Cutbacks hurt oral-health care programs across Kentucky

September 16, 2013 

Sharon P. Turner is dean and professor of oral health practice at the UK College of Dentistry.

I agree wholeheartedly with University of Kentucky President Eli Capilouto's fundamental message to the citizens of Kentucky. We are not only losing our edge in discovery, but Kentuckians are rapidly losing the advantages built upon the shoulders of scientists, inventors and healing professionals in Kentucky and nationally who have built the platforms for scientific and health care advances that are being squandered.

Whereas America used to be a magnet that cultivated brilliant, innovative and highly motivated minds from the United States and drew these individuals from other countries, recently the Huffington Post reported the results of a survey indicating that 20 percent of scientists in the United States are contemplating leaving our country for better opportunities in other countries.

At the UK College of Dentistry, we have seen firsthand the impact of the significant decline in the budget of the National Institutes of Health for funding basic, clinical and translational research to improve the health of the country. Our faculty members are writing more quality grant applications to conduct research that is directly related to delivering better oral health treatment, which directly affects overall health of Kentuckians.

Decreased funding by cuts or elimination of grants to help support innovative oral health delivery systems in Head Start centers, schools and nursing homes imperils progress that has taken decades to achieve.

Our work in Western Kentucky resulted in the development of a nationally acclaimed model to improve pregnancy outcomes through controlling oral health infections. The model resulted in reduced incidence of premature and low-birthweight babies, saving the commonwealth substantial dollars in neonatal ICU costs and improving the lifetime health for many newborns.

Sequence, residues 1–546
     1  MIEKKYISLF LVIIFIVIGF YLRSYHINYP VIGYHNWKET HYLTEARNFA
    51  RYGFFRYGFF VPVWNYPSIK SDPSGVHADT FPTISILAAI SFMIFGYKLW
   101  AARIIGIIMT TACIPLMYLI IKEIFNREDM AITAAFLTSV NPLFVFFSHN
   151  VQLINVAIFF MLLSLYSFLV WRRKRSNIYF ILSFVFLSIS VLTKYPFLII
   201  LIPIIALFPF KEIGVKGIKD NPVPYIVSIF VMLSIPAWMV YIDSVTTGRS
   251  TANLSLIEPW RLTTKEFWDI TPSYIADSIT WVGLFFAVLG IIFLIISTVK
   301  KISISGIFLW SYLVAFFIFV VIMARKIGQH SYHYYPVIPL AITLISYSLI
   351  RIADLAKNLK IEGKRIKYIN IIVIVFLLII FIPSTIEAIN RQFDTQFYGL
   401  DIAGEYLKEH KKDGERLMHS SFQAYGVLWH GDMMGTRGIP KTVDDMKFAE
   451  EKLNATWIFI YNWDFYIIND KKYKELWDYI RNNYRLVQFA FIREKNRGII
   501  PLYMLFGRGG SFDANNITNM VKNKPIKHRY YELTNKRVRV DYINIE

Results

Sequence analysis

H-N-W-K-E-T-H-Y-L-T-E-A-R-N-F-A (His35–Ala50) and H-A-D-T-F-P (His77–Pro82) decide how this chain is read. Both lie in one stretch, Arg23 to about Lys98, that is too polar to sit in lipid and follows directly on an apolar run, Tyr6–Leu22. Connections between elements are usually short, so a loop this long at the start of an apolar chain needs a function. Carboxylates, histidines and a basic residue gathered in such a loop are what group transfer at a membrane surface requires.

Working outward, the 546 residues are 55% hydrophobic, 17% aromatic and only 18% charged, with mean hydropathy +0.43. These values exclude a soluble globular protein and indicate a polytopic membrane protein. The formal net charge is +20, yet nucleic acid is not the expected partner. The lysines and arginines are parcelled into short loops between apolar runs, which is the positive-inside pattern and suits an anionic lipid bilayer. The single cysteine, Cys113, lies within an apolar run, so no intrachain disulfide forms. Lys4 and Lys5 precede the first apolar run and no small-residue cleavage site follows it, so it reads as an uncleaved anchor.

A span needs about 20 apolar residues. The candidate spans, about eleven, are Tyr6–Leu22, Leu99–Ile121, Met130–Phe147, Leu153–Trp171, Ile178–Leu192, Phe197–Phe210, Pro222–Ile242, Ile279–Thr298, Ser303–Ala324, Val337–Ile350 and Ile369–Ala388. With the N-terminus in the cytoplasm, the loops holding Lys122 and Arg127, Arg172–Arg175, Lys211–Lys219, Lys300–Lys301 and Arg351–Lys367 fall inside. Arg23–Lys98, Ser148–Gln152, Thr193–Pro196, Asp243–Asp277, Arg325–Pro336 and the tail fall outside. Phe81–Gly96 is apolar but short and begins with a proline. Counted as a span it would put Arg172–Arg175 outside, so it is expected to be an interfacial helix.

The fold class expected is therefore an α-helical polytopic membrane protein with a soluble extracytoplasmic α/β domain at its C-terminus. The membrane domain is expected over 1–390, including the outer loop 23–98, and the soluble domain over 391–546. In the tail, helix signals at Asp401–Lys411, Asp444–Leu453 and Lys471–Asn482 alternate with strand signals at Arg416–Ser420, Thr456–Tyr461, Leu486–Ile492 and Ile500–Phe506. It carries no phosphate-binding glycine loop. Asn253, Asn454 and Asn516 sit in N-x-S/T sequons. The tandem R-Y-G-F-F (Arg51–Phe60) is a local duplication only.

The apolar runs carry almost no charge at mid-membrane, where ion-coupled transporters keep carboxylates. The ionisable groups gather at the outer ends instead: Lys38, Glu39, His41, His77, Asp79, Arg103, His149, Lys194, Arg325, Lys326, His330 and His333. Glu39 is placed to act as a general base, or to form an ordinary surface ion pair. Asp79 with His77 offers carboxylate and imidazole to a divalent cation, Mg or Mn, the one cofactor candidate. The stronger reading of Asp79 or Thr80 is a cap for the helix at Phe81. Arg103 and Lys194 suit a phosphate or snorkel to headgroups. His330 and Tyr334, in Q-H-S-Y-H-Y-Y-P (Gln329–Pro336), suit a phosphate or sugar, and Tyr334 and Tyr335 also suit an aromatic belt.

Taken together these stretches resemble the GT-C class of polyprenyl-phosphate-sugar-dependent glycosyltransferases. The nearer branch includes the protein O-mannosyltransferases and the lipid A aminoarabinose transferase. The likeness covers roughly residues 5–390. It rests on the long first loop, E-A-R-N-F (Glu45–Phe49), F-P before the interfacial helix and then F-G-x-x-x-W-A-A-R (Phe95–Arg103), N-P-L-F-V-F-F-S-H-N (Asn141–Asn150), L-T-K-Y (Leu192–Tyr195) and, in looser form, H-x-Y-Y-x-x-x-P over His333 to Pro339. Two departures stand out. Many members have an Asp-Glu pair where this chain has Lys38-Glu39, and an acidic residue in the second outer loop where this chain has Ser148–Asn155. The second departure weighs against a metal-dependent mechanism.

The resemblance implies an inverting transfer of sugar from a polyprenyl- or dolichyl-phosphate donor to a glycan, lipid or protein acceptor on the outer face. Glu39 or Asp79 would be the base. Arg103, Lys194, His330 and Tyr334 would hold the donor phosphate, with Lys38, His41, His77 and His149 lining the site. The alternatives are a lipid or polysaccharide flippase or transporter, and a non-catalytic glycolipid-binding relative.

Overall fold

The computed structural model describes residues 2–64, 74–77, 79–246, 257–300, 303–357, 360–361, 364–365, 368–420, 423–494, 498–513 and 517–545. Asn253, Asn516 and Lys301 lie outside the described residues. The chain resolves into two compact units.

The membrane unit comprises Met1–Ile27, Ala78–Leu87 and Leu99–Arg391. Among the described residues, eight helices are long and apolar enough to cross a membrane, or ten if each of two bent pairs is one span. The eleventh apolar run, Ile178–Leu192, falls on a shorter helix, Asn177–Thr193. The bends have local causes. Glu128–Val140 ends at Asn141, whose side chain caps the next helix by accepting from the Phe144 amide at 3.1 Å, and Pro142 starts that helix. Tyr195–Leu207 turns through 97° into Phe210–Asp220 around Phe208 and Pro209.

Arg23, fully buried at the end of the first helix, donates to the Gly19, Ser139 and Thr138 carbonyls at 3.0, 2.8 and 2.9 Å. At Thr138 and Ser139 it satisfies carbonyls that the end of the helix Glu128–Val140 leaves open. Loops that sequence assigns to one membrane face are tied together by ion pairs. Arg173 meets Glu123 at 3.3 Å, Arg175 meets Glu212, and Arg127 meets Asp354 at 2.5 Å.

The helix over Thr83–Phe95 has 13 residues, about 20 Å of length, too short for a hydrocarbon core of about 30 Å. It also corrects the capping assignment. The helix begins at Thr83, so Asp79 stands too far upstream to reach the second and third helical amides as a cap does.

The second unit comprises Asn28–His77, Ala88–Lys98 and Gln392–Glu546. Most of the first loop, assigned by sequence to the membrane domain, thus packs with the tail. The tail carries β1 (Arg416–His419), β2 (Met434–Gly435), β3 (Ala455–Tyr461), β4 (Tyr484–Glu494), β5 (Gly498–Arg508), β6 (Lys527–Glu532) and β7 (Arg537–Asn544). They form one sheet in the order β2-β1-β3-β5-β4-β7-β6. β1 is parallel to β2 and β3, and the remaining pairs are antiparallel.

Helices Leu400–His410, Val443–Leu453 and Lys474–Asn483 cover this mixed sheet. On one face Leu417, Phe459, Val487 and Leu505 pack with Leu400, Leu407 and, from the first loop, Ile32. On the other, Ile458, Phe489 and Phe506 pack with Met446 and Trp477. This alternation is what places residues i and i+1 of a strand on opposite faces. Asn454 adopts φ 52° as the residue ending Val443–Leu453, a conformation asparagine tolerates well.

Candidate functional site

Our work in Eastern Kentucky has led to a large decrease in the incidence of an especially virulent kind of tooth decay known as early childhood caries, which causes children to lose many school days and lag their peers in educational achievement. These are just two examples of federal funding needs that are jeopardized by the current budget machinations of the U.S. Congress.

This reduction has an especially critical effect on young scientists, who are also the dental educators who will train the next generation of dentists. Developing and submitting competitive grants is very time- consuming. When a young scientist suffers rejection to multiple applications early in his or her career, the tendency is to simply give up or move to a country where the many years of academic preparation are more likely to succeed in accessing research support. Hence, the situation is contributing to making the United States the victim of a "brain drain" for the first time in the history of our great country.

I, for one, would welcome an end to the budget gridlock in Congress and some legitimate investment in the future of our country. Everyone loses with the constant brinkmanship engaged in by our elected officials, with some negative outcomes of this lack of willingness to compromise potentially requiring a generation for recovery.

I applaud Capilouto for speaking out about the real and significant impact of the budget squabbles, which led to sequestration. Our children and grandchildren deserve better, and, as an aside, we baby boomers just might benefit from some health-improvement discoveries as we head into our golden years.

Sharon P. Turner is dean and professor of oral health practice at the University of Kentucky College of Dentistry.

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